Friday, July 24, 2009

@15

During the National Civic Summit last week, I attended a session hosted by Best Buy on their new @15 initiative. The effort is based on their contention that, "What happens at age 15 has a lot to say about teens' success in school and beyond." The Best Buy Children's Foundation commissioned Minneapolis-based, Search Institute, to conduct a national study of 1,817 fifteen-year-olds and draft a new report, Teen Voice 2009 (PDF).

The report introduces three concepts that have potential to set or keep 15-year-olds on a positive course at this critical time in their life: Sparks, Teen Voice Index (TVI), and Relationships and Opportunities Index (ROI).


Key Findings from Teen Voice 2009

-Sparks, which are individual talents, passions or gifts that give teens energy, motivation, focus and joy, are critical to teens' well being. Yet, while 66% of teens surveyed can identify at least one spark for themselves, fewer than half who know their spark have much spark support beyond their family.

-Teen Voice Index (TVI), a new measure of teen engagement in social issues, found 18% of youth scored high, indicating significant opportunities to help young people find their voice and contribute to their communities. Teens with high TVI scores are at least three times as likely as those with low scores to see civic engagement as important, hold prosocial values and have a sense of hopeful purpose for the future.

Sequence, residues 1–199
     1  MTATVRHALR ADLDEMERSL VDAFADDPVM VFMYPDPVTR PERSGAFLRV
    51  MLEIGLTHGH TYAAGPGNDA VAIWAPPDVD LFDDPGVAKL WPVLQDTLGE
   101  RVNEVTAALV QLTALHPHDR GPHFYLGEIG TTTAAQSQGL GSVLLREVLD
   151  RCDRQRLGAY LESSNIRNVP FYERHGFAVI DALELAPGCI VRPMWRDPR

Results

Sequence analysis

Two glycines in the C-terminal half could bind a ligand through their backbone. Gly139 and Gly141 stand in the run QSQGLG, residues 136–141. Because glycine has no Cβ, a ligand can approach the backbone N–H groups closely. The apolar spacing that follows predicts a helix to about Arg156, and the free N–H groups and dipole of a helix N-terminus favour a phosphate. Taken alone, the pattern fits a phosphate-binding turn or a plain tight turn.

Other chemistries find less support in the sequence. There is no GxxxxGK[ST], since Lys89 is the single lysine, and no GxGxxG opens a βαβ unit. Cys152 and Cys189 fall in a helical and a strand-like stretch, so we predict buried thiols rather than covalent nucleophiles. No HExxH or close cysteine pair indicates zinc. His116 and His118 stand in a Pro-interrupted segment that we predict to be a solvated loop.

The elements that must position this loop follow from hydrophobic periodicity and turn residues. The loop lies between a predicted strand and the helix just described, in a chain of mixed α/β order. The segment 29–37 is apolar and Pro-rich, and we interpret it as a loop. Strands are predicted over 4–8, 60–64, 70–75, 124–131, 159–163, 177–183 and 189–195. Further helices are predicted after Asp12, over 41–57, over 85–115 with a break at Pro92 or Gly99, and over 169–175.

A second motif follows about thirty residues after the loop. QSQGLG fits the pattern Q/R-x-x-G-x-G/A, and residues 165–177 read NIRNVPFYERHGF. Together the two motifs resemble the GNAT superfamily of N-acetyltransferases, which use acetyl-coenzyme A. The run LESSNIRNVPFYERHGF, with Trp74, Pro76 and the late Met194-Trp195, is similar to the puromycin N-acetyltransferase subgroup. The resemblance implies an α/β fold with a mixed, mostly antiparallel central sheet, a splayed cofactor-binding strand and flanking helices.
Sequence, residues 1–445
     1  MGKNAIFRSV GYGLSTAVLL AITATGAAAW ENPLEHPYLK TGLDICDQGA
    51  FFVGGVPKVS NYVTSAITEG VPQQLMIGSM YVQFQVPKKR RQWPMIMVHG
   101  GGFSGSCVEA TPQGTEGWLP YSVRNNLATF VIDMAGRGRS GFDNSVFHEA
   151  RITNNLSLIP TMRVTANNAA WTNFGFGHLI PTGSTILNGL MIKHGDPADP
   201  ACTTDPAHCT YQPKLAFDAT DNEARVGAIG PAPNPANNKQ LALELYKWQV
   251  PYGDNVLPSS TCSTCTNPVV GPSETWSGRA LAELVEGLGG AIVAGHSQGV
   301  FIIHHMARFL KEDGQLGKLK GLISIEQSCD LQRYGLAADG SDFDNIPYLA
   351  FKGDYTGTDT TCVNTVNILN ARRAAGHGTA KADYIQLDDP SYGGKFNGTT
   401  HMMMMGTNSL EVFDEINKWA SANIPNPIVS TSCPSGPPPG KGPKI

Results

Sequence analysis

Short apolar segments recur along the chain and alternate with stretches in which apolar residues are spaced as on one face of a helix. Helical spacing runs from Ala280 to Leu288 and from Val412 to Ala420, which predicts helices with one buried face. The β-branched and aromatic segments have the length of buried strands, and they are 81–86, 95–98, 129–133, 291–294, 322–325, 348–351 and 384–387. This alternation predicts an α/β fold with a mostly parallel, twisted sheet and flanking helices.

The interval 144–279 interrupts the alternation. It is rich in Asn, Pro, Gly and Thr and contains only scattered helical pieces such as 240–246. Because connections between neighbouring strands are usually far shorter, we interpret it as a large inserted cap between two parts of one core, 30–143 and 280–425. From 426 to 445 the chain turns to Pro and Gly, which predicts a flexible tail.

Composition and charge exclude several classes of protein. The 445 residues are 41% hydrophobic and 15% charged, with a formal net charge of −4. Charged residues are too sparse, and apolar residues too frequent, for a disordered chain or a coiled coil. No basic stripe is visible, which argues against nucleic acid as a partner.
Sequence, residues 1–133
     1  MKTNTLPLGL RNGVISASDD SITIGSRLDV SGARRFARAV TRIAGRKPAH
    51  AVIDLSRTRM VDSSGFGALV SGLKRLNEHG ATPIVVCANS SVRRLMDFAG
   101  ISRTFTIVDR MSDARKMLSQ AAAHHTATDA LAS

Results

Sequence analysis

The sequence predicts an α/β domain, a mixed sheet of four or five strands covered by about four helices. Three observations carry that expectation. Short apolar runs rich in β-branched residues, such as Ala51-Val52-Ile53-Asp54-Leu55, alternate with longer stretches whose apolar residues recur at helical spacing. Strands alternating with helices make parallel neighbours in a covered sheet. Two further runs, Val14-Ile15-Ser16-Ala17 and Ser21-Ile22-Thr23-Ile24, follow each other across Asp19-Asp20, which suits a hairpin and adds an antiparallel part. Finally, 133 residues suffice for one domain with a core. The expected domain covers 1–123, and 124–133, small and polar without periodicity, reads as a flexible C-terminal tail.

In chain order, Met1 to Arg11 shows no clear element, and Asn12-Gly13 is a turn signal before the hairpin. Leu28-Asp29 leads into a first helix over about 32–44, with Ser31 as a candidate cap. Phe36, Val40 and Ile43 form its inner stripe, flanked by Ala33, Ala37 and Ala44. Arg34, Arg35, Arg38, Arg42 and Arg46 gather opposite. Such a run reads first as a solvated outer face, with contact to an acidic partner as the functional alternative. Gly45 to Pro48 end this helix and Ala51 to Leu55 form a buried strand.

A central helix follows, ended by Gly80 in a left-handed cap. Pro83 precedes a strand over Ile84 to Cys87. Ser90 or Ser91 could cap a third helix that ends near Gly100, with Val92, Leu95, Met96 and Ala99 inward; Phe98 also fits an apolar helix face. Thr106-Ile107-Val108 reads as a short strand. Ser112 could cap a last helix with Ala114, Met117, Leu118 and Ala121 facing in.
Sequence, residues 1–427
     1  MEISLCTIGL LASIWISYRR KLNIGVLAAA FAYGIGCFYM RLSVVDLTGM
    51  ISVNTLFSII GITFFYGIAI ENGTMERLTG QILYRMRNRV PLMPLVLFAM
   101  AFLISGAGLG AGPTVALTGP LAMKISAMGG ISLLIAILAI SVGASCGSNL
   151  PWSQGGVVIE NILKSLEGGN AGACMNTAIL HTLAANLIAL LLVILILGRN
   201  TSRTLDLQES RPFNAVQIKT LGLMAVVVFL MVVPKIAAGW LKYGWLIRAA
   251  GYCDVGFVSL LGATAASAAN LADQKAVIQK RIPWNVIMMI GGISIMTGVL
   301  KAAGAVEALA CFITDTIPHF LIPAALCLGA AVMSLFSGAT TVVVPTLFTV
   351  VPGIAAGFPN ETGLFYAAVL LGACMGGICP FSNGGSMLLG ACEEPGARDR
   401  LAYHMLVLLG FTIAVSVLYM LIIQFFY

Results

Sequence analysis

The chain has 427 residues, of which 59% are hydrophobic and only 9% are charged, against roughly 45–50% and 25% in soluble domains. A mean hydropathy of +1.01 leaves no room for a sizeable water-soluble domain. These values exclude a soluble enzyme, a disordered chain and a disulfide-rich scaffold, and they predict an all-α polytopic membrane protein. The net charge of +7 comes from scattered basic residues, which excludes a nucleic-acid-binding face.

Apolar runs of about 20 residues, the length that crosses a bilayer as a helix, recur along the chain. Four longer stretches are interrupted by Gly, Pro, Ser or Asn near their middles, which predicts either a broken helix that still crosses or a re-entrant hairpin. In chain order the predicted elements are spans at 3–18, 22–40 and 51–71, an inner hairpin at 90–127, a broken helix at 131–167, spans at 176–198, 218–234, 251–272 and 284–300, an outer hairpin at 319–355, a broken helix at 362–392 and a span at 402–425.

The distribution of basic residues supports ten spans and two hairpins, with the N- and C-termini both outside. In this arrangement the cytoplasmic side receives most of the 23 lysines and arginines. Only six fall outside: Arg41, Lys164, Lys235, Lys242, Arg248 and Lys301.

-Relationships and Opportunities Index (ROI) is a new measure to track three elements that significantly help teens: being valued and treated fairly; having access to high-quality opportunities, such as after-school programs; and having people who nurture their sparks. Only about one in eight (12%) of teens score high on this index. Youth with high ROI scores are much more likely to report positive outcomes and are three times as likely as those with low scores to have a sense of hopeful purpose, express caring values, be actively engaged in school and take on leadership roles.
Personally, I am initially wary of Best Buy's self-interest in reaching out to the youth demographic (traditionally known to retain the most expendable income for discretionary spending) given the corporation's interests in protecting their bottom line. At the same time, there is, undoubtedly, real opportunity to leverage their access to (droves of young Best Buy retail store employees) and appeal to (electronics-savvy generation) the youth population for the common good. The research and media surrounding this effort is an important step to acknowledging a different kind of story about teens than is typically portrayed. Moreover, highlighting the beliefs of young people in their own power and potential is critical to changing norms and stereotypes that exist around youth.

As President and CEO of Best Buy, Brian J. Dunn, notes in the report's welcome letter, "Too often we hear bad news about young people - the challenges they face or the problems they create. Best Buy is committed to changing the conversation about teens and helping the world to see them as the outspoken, intelligent, creative, bring-on-the-world individuals they are."

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